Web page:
Wearing a brown leather jacket, a matching pair of trousers and a bright yellow t-shirt with “Strut ‘n’ Stuff” emblazoned across the front that she picked up from a thrift store, with her thick unkempt dark brown hair and flawless skin, Joan looks much younger than her years – closer to 30 than 40.
As we sit on a comfy sofa in the so-called ‘library’ of the hotel, Joan is oblivious to the two middle-aged men in suits sitting behind us having a business meeting, who shoot a few disapproving glances in our direction as her voice gets progressively louder during the course of the interview. Speaking animatedly with a cup of herbal tea (she is trying to cut back on the coffee) in one hand and some neatly cut slices of apple in the other, Joan talks to Amelia’s Magazine about life before Joan As Police Woman, the inspiration behind her new record, embracing life and whose house she’d most like to be a fly on the wall at, all in the good company of some soft-porn inspired saxophone music playing in the background…
Illustration by Darren Fletcher
You trained as a classical musician and spent some time performing as one. What was the catalyst for you to explore being an alternative musician?
I always listened to different kinds of music as I was growing up and throughout my classical training. Classical music and non-classical music is all music so for me it wasn’t all that big of a stretch making other music. I loved studying classical music, but I wasn’t really interested in making it my life’s work because I wanted to make new music. There were also plenty of people who were better equipped at bringing new insight to the Beethoven violin concerto and I was not one of them. I loved learning the discipline behind that, but pursuing a career in it didn’t interest me so when I moved to Boston to go to school I started playing in bands then because all my friends were in bands. The rest, I guess as they say, is history.
You’ve been in several bands since you started out as a musician, including playing violin with Rufus Wainwright and Antony and the Johnsons, yet it as only in 2004 that you decided to front your own band. Why was there this delay?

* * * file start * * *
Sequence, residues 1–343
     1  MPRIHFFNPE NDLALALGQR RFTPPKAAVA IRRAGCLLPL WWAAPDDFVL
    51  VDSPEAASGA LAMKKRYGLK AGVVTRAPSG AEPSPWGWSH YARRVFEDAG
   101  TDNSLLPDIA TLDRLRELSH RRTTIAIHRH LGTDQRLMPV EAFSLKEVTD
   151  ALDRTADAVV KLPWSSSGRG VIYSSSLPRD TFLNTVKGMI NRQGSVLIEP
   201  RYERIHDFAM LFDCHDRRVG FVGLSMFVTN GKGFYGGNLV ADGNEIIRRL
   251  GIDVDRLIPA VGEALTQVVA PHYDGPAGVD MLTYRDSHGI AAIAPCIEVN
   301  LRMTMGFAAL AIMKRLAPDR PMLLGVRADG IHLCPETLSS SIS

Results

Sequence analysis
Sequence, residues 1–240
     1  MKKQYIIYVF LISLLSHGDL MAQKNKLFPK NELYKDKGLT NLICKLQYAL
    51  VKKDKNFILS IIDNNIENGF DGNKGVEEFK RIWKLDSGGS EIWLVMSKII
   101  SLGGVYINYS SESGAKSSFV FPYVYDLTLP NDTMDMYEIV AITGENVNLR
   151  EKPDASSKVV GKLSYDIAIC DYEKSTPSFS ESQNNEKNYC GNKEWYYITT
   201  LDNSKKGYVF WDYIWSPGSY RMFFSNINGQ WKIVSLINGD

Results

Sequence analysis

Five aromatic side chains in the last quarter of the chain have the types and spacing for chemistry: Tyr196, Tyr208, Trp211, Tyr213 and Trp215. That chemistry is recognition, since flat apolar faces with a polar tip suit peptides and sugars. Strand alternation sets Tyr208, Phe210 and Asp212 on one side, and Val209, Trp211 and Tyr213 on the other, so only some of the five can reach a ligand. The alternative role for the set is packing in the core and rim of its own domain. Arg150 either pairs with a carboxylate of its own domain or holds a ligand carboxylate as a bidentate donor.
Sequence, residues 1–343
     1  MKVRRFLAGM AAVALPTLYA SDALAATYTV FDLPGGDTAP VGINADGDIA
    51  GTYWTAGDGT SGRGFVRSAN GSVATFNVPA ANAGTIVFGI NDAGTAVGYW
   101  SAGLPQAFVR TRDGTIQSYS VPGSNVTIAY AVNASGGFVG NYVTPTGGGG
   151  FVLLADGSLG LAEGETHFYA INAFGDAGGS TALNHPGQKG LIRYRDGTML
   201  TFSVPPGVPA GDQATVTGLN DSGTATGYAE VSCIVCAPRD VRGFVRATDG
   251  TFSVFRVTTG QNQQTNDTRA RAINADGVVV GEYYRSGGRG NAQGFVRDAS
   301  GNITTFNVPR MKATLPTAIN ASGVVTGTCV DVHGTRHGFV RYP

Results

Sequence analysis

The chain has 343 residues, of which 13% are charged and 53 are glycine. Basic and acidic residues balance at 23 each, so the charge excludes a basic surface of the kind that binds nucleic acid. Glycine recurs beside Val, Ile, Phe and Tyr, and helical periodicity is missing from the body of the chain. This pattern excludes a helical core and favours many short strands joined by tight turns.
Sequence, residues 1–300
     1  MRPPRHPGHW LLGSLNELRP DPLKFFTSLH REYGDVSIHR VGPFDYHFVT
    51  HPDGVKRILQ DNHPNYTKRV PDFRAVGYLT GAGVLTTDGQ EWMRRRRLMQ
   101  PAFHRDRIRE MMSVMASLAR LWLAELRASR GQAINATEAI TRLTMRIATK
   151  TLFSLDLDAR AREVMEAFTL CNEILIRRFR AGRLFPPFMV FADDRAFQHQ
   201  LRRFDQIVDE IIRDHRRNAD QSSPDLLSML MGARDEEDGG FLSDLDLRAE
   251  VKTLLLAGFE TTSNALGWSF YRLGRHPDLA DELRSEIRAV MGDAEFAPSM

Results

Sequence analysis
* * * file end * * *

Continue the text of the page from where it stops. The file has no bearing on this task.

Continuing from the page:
Well I played violin exclusively for some time so I was mostly contributing to other peoples’ bands, which I loved doing. I was playing an instrument that is like a voice in itself. You don’t write songs on the violin so I had no way of writing. I picked up a guitar in 1997 to see what it was like; I wanted to figure out if I could write songs and started writing. I put a band together called Black Beetle and wrote a few songs with them and I joined Antony’s band. At this stage, I was still playing with lots of people doing string arrangements, but I also wanted to try out my voice which sounded horrible to me at the time. In the beginning you’re not used to what it sounds like and it doesn’t feel natural.
But surely you must have had reassurance from your friends that your voice is anything but horrible…
Well no one heard it. I started playing but I didn’t tell many people. I did get a lot of support from my friends which helped a lot, even if you think they’re lying because they love you.
So it was all very much about stepping slowly out of your comfort zone?
Yes, very much so. Antony had me open with one of his songs solo sometimes. It was a very nerve-wracking experience, especially as I was around a lot of astounding vocal performers. It was really scary, but I’m that kind of person where I like to jump into the deep end. It’s the only way to do things. I was making a record with Black Beetle that never got released, which was part of the learning process and then that band broke up in 2002 but I kept going; playing on my own and then I got a drummer to play with me and then Rufus asked me to go on tour and open for him and it just all went from there.
Illustration by Aysim Genc
The first time I saw you perform was at The Spitz in 2006, and even back then you seemed to be a very natural performer. Has performing always been second nature to you?